PBS ombudsman explains how NewsHour got its climate change report wrong
“It was not the PBS NewsHour’s finest 10 minutes.”
Those are the first words of PBS ombudsman Michael Getler’s response to the network’s much-derided recent report that provided climate skeptics — including a source with ties to the execrable Heartland Institute — with a platform to argue against established science. Here’s the report. Don’t watch it if you have a history of high blood pressure.
The ombudsman outlines a number of problems with the report, but centers on Anthony Watts, a blogger and retired meteorologist who’s linked to Heartland.
Although global warming strikes me as one of those issues where there is no real balance and it is wrong to create an artificial or false equivalence, there is no harm and some possibility of benefit in inviting skeptics about the human contribution and other factors to speak, but in a setting in which the context of the vast majority of scientific evidence and speakers is also made clear.
What was stunning to me as I watched this program is that the NewsHour and [correspondent Spencer] Michels had picked Watts — who is a meteorologist and commentator — rather than a university-accredited scientist to provide “balance.” I had never heard of Watts before this program and I’m sure most viewers don’t, as part of their routines, read global warming blogs on either side of the issue.
I’m not being judgmental about Watts or anything he said. He undoubtedly is an effective spokesperson. But it seems to me that if you decide you are going to give airtime to the other side of this crucial and hot-button issue, you need to have a scientist.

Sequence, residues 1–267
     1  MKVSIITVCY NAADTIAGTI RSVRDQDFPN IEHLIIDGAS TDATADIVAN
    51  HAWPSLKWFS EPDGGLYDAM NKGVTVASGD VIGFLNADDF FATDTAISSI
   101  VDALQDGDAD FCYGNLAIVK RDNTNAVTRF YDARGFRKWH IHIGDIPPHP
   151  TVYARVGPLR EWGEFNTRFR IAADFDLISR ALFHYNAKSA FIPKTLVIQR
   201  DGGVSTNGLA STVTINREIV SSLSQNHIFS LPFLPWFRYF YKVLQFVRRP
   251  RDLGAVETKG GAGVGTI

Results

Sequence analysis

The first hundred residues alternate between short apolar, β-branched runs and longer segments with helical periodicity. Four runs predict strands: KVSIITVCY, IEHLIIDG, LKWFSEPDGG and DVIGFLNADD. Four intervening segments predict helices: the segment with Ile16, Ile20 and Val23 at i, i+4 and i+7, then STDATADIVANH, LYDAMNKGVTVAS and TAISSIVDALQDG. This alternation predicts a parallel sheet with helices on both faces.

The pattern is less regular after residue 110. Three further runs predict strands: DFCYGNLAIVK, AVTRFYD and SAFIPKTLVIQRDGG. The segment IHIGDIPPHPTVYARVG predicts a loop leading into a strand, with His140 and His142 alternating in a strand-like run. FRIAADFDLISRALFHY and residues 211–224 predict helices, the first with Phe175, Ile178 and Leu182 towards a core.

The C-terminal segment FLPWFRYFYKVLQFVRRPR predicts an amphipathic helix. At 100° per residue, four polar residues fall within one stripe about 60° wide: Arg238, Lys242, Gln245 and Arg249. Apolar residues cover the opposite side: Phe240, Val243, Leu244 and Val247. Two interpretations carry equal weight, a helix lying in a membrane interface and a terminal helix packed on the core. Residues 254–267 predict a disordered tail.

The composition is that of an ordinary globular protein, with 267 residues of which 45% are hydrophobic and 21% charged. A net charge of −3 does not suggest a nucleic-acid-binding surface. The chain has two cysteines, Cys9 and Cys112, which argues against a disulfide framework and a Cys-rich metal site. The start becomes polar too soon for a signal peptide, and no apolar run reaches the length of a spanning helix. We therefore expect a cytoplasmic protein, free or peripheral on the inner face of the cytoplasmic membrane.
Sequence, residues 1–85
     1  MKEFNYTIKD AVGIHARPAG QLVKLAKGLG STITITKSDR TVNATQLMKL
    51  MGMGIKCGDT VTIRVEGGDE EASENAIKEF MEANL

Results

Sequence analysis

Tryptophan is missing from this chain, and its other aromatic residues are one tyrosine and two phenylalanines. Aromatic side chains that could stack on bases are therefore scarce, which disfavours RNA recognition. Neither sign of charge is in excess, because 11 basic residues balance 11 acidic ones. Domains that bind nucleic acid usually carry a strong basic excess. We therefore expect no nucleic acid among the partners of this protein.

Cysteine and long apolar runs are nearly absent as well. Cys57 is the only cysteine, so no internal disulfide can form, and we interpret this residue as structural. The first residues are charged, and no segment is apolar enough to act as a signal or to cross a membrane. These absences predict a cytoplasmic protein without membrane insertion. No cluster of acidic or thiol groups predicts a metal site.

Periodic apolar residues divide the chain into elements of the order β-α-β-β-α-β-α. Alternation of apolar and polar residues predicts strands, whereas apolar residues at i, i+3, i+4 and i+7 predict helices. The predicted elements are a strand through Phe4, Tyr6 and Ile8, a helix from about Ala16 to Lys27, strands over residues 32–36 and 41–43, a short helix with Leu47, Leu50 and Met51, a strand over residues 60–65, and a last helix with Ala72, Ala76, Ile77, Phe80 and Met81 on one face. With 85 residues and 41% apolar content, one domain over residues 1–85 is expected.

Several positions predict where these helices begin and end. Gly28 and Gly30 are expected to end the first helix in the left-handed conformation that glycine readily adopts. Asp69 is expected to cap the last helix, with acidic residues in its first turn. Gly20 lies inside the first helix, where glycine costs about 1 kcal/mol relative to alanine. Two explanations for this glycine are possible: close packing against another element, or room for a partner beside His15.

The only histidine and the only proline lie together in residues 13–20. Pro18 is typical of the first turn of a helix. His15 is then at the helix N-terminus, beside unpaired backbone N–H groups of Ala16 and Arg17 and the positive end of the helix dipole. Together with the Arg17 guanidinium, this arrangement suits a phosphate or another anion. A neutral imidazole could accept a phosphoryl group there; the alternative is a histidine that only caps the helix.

Seems that way to me, too. But good luck finding a reputable scientist willing to go out as far on the limb as Watts.
Throughout the interview, Michels referred to scientists who warn against global warming and its man-made component as “climate change believers,” a description that offends many and frames the issue, as one viewer wrote, as though this were “faith-based rather than fact-based.”
When Watts said global warming had become a business and whole divisions of universities set-up to study it and so there was a tendency to keep that work going and not really look at what might be different, Michels did point out that “it’s a charge that climate change believers say is totally false.” But other Watts points about polls being manipulated went unchallenged, and the idea that global warming issues were being oversold because they allow for more taxes and regulations was answered by Michels pointing out that “Muller and others think action is exactly what is needed.”
The ombudsman’s post runs thousands (and thousands) of words. It’s robust in its rejection of how the issue was handled. But it also feels very much like too little arriving far too late. Viewers rely on public television for smart, scientifically rigorous programming. This failed that test, by PBS’s own standards — but barring the invention of some Men in Black-style memory zapper that could be broadcast to those who watched the NewsHour report, the damage has been done.
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